UAA's School of Nursing has long offered continuing education credits for the training of sexual assault nurse examiners.

Trujillo joined UAA's faculty in 2007 and teaches the forensic nursing course, which is offered online every other summer. The curriculum serves double duty, since it's also used as part of the curriculum for the legal nurse consulting certificate UAA's Justice Center offers.

There is a pressing need for forensic nurses in Alaska, a place with rates of sexual assault far above the national average-yet there are fewer than 75 trained SART nurses, statewide-so Trujillo travels to the Kenai Peninsula, Mat-Su, Juneau, Kotzebue, Nome, Dillingham, Bethel, Sitka, Ketchikan, Petersburg and Fairbanks, to train local sexual assault response team (SART) nurses.

While the forensic nurses she trains will help crime victims all over the state of Alaska, Trujillo wants to do more.

"It's always been my goal to promote violence prevention," she said.

Creating a critical record

You don't get a satisfactory answer when you voice your thought about why so many victims needed to be pulled from the river. Other rescuers tell you to focus on rescuing victims-that if people in the rural areas upstream needed help, they would say so.

So you venture upstream to see what's going on and find appalling things: a bridge with holes in it that people fall through, no signs warning people of a nearby treacherous-looking waterfall, no protective fencing at the river's edge and waterfall and a lack of money available to fix the bridge and offer swimming lessons. In addition, you see some people in the upriver areas routinely pushing others into the water.

You go back downstream and tell others what you've seen and find that the people in the city don't believe that people upstream are pushing others into the water and won't do anything to help stem the tide of victims.

Trujillo teaches her classes of 15-20 students what forensic nursing is, guides them through the tangled thicket of interpersonal violence issues, talks to them about potential places they could work and helps them figure out how to apply forensic nursing principles in their everyday jobs as nurses in home health, hospital wards and operating rooms or doctors' clinics.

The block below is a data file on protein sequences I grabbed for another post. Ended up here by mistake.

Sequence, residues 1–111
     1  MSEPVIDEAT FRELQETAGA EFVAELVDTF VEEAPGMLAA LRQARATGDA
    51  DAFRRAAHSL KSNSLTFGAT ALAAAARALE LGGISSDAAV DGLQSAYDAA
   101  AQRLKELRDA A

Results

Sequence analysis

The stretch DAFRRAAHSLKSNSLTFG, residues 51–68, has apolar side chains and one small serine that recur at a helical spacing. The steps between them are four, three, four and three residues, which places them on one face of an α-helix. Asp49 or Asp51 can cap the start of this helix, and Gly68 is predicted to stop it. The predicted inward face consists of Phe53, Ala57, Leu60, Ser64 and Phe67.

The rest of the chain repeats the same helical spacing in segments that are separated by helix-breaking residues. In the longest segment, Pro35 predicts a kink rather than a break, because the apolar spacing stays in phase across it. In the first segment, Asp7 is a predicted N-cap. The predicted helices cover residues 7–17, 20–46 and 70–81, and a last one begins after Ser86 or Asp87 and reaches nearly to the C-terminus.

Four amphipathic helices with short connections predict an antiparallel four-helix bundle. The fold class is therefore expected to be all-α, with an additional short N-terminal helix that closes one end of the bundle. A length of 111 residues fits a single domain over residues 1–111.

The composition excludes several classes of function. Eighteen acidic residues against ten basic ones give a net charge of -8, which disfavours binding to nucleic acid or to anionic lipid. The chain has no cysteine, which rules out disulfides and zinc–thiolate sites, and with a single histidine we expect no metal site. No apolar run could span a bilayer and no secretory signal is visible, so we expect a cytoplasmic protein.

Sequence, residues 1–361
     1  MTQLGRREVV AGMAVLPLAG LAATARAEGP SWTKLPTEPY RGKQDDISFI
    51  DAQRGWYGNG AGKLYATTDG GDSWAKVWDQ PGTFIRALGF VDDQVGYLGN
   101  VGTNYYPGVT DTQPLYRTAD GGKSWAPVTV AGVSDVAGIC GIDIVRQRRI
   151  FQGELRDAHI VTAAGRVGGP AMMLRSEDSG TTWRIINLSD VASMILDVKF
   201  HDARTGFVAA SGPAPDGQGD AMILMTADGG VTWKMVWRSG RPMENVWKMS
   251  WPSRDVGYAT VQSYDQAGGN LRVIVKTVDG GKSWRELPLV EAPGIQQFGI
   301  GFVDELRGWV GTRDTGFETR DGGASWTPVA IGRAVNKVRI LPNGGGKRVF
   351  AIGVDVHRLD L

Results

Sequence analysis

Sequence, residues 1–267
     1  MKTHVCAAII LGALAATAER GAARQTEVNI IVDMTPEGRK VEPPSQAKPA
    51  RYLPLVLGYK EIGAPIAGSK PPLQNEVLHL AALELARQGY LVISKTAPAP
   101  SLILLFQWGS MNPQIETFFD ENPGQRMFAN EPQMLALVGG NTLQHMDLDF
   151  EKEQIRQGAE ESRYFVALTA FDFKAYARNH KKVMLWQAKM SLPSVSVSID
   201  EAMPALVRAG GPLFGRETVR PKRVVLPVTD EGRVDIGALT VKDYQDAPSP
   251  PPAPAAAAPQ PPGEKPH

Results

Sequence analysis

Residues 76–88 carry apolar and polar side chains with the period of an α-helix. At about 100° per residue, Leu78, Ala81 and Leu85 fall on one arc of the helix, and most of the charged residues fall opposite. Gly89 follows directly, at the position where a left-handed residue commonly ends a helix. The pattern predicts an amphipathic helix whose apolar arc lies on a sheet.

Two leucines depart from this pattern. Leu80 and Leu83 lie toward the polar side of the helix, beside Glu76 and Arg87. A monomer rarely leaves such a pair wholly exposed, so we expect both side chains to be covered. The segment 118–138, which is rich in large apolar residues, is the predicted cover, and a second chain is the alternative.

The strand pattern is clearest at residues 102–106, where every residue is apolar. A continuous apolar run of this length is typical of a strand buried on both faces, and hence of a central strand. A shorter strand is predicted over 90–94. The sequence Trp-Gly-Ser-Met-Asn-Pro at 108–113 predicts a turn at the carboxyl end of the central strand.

"It's about doing really excellent documentation," Trujillo said. "As a forensic nurse, I document with photos, I document with traumagrams, I use narrative, I do all different kinds of stuff, but my documentation is probably much more detailed than, say, my documentation would be for other kinds of nursing just because of the nature of what it is that I'm doing."

A hospital nurse who's received forensic training would be more likely to spot and preserve evidence that could later be critical to an arrest or trial.

"They're better able to recognize signs and symptoms of abuse," Trujillo said, "better able to talk about what the options are and be open with their colleagues-'Wait a second, don't throw those clothes away, we don't know what just happened.' 'Don't put them in a plastic bag, put them in a paper bag.' Use the patient's words, use quotations-even if they use the words you wouldn't use. Document them. That is a way of helping others who read this after you-we're not end users of those nurse's notes."

Trujillo teaches her students how to properly use a colposcope and other equipment, how to photograph a victim and his or her injuries and the importance of placing an L-shaped forensic ruler in a photo to establish scale.

"Part of what we teach in forensic photography is that understanding of how to take pictures of a victim," Trujillo said, "[respecting] the victim's need for privacy and confidentiality but also the need to capture the evidence-the picture of the bruise or laceration or injury that's present and is going to go away when it's healing."

A nurse's properly made photographic record can guide a police officer, prosecutor and jury, help them follow what the nurse did during the exam and better understand its findings.